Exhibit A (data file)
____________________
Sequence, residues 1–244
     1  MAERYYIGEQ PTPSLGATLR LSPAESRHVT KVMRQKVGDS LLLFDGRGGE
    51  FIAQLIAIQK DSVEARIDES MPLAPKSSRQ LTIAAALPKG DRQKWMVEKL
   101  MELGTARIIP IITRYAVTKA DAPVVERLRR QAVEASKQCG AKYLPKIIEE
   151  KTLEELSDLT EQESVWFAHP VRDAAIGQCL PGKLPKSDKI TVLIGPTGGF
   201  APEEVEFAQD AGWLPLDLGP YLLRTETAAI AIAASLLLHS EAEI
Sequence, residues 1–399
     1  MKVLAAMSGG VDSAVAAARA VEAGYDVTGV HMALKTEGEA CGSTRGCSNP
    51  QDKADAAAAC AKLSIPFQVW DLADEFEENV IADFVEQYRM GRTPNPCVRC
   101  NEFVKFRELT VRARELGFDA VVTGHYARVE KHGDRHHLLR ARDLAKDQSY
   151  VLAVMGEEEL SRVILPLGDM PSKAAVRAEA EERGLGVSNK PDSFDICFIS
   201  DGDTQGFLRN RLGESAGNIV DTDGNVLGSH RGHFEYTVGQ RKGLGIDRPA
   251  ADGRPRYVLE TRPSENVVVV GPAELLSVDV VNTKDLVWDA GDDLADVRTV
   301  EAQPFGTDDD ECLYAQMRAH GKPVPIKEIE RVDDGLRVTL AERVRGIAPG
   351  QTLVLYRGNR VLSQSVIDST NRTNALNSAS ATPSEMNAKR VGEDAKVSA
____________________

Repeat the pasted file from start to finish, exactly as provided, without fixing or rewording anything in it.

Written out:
Sequence, residues 1–244
     1  MAERYYIGEQ PTPSLGATLR LSPAESRHVT KVMRQKVGDS LLLFDGRGGE
    51  FIAQLIAIQK DSVEARIDES MPLAPKSSRQ LTIAAALPKG DRQKWMVEKL
   101  MELGTARIIP IITRYAVTKA DAPVVERLRR QAVEASKQCG AKYLPKIIEE
   151  KTLEELSDLT EQESVWFAHP VRDAAIGQCL PGKLPKSDKI TVLIGPTGGF
   201  APEEVEFAQD AGWLPLDLGP YLLRTETAAI AIAASLLLHS EAEI
Sequence, residues 1–399
     1  MKVLAAMSGG VDSAVAAARA VEAGYDVTGV HMALKTEGEA CGSTRGCSNP
    51  QDKADAAAAC AKLSIPFQVW DLADEFEENV IADFVEQYRM GRTPNPCVRC
   101  NEFVKFRELT VRARELGFDA VVTGHYARVE KHGDRHHLLR ARDLAKDQSY
   151  VLAVMGEEEL SRVILPLGDM PSKAAVRAEA EERGLGVSNK PDSFDICFIS
   201  DGDTQGFLRN RLGESAGNIV DTDGNVLGSH RGHFEYTVGQ RKGLGIDRPA
   251  ADGRPRYVLE TRPSENVVVV GPAELLSVDV VNTKDLVWDA GDDLADVRTV
   301  EAQPFGTDDD ECLYAQMRAH GKPVPIKEIE RVDDGLRVTL AERVRGIAPG
   351  QTLVLYRGNR VLSQSVIDST NRTNALNSAS ATPSEMNAKR VGEDAKVSA